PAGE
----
Friday, December 15, 2017


Windies restrict Australia to 248/5


LEADING FROM THE FRONT: West Indies captain Darren Sammy celebrates after taking the wicket of Australia opener David Warner, left, who was caught at second slip by Darren Bravo for 42 runs, during the third day of the first Test match at Kensington Oval in Bridgetown, Barbados, yesterday. –Photo: AP

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CAPTAINS lead by example!

Darren Sammy led the West Indies' bowling and Michael Clarke did the same for Australia's batting on an engrossing third day of the first Digicel Test at Kensington Oval yesterday.

Sammy, with two for 33 off 15 overs on a batsman-friendly pitch, probably went to bed last night feeling better than his opposite number.

Australia, resuming from 44 without loss overnight, were restricted to 248 for five, still 201 runs behind the West Indies' first innings total of 449 for nine declared, when bad light stopped play.

Clarke had responded to Sammy's early double strike with a solid 73, which contained four fours and a six off 173 balls in exactly 200 minutes. But he would be disappointed with his dismissal, 18 short of 6,000 Test runs, to leg-spinner Devendra Bishoo in the final session, which tilted the game in the Windies' favour.

Clarke rode his luck, benefiting from umpire Hill's reversed decision when he was given "out" on 21, to feature in a critical fourth-wicket stand of 82 with the experienced Michael Hussey.

It is now up to Hussey, who is unbeaten on 47 (6x4s, 156 balls) to guide the Australian bowlers and debutant wicketkeeper Matt Wade (19 not out) in preventing the West Indies from gaining a sizeable lead.

Sammy engineered Australia's early setback by snaring the scalps of openers Ed Cowan and David Warner in a clever 10-5-14-2 pre-lunch spell of medium-pace swing bowling.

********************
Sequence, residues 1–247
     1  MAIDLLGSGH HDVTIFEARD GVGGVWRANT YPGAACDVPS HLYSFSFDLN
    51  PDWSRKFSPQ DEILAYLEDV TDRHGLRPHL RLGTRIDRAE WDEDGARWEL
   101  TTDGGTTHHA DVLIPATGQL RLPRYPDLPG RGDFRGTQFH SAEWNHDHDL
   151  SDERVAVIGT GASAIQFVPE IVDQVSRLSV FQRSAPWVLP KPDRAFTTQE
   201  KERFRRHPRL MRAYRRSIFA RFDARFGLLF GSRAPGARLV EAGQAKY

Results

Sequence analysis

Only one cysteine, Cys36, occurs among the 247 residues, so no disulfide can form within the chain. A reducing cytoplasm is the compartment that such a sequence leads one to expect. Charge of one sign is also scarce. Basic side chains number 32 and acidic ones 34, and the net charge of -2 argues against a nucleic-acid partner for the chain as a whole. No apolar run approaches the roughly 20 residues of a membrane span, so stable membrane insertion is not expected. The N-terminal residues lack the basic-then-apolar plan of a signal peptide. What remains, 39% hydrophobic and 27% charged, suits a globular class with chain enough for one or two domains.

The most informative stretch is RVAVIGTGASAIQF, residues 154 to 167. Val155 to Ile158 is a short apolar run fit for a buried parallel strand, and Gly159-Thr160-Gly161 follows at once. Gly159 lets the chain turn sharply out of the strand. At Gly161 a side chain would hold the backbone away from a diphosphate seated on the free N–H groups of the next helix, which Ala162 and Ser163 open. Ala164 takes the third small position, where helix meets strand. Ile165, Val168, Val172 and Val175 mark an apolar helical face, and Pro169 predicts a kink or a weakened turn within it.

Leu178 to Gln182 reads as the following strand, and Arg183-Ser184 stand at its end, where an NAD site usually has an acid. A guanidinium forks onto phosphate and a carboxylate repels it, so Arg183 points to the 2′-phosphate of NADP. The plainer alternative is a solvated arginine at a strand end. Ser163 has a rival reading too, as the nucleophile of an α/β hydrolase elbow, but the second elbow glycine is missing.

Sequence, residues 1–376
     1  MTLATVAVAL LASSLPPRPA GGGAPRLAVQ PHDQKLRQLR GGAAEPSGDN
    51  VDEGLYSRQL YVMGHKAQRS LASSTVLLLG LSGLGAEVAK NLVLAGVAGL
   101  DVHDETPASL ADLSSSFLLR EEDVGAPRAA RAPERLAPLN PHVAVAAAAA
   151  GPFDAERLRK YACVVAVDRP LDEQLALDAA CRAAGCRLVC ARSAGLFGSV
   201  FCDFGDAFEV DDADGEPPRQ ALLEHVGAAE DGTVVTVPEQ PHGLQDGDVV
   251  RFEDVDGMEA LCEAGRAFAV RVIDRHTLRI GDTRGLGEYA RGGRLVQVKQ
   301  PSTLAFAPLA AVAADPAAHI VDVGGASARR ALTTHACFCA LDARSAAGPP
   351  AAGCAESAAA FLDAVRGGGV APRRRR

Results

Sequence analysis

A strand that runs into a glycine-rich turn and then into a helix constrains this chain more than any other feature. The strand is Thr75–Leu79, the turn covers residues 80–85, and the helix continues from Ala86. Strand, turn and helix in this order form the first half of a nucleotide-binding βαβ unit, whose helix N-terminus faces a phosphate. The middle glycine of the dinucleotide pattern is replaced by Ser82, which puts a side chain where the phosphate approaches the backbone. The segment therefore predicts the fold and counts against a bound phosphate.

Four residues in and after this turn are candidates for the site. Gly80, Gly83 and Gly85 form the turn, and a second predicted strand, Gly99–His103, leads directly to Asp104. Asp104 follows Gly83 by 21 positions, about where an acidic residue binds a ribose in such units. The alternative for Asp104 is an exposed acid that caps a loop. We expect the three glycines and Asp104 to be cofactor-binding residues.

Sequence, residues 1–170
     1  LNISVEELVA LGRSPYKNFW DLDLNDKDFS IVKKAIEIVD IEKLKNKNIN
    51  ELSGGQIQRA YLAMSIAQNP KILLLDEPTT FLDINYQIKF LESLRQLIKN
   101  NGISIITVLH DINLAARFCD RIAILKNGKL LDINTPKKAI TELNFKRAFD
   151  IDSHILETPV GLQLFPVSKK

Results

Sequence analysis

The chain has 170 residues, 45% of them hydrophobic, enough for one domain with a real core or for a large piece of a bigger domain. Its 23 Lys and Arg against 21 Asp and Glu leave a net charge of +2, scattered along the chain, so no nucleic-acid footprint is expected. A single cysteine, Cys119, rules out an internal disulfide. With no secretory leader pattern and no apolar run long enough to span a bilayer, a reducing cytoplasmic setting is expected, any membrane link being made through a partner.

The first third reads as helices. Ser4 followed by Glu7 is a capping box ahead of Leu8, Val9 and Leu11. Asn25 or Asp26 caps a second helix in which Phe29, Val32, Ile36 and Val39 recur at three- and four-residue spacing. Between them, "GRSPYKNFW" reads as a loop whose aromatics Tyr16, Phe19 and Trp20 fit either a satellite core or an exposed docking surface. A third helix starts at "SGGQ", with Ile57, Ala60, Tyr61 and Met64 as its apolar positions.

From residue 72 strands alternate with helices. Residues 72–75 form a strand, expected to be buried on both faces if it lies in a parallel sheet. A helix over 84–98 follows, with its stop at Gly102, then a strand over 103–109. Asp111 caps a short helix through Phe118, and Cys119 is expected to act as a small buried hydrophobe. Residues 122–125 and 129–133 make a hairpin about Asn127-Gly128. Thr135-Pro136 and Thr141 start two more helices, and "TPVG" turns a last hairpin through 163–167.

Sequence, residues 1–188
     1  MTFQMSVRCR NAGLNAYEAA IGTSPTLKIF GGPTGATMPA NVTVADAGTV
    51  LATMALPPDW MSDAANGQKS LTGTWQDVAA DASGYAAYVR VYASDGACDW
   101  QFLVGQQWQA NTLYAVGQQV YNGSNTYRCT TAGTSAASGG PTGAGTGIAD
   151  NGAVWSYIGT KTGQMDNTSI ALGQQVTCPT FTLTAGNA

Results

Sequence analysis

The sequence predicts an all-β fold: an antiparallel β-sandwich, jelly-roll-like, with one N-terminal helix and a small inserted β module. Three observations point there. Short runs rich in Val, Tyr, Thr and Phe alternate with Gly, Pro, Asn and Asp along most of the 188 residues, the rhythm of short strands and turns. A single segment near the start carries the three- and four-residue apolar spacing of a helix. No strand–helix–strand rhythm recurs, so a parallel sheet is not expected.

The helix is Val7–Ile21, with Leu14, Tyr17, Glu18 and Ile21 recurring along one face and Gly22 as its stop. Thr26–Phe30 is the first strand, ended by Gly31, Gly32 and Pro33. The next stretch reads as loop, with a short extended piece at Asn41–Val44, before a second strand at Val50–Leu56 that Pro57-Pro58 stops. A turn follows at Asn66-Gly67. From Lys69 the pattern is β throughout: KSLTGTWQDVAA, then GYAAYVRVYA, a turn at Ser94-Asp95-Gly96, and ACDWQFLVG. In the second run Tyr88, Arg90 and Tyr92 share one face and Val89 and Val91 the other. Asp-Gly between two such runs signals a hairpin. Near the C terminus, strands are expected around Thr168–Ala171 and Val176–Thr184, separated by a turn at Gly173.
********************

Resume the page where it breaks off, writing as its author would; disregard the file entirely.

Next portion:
In his second over, he lured Cowan to snick a delivery angled across him into wicket-keeper Carlton Baugh's gloves after adding just one to his overnight score of 13.

Sammy struck again in his sixth over by inducing Warner, who had made 42 off 55 balls, to edge to Darren Bravo at second slip.

When Kraigg Brathwaite ran out former Australia captain Ricky Ponting for just four, after a mix-up with Shane Watson over a second run, with a quick slide and return to Baugh, the visitors were in deep trouble at 85 for three.

Sammy also thought he had trapped Watson leg before wicket as he padded up to an inswinger. He asked for a review but umpire Ian Gould maintained his original not out verdict as television replays showed the ball to be hitting the outside of off-stump.

There was more drama when umpire Hill gave out Clarke, who had brought up his team's 100 with a six off Bishoo, for a low catch behind by Baugh off the same bowler when the batsman was 21.

Clarke immediately asked for a review and despite not having the use of Hot Spot or Snicko to verify there was an edge, the decision was reversed by the standing umpire, Hill.

Australia lunched on 133 for three but West Indies enjoyed an excellent start to the post-lunch session when Kemar Roach, in the first over, lured Watson into an expansive drive and Baugh gleefully gobbled up the edge.

Watson, whose 39 included five fours and a six, had also survived a confident LBW appeal by Roach, who didn't request a review, which might've gone in his favour.

Clarke and Hussey then set about repairing the damage with a couple of fours between extra cover and long-off when Sammy replaced Roach and off-spinner Narsingh Deonarine, who had a solitary over before lunch, was brought on.

But the West Indies, to their credit, were able to contain the run flow throughout the day in which the Aussies scored 204 runs off 85.1 overs.

As the day went on, Bishoo started posing problems for Clarke, who, after just managing to keep a sharp leg break away from Sammy at slip, advanced down the pitch but was beaten in flight and skied a catch to Deonarine, coming off the long-off boundary.

West Indies had the option of taking the second new ball shortly afterwards, but, with conditions becoming overcast, decided against it, allowing Wade the comfort of the spin of Bishoo (30-7-77-1) and Deonarine (18-5-33-0) for the final hour.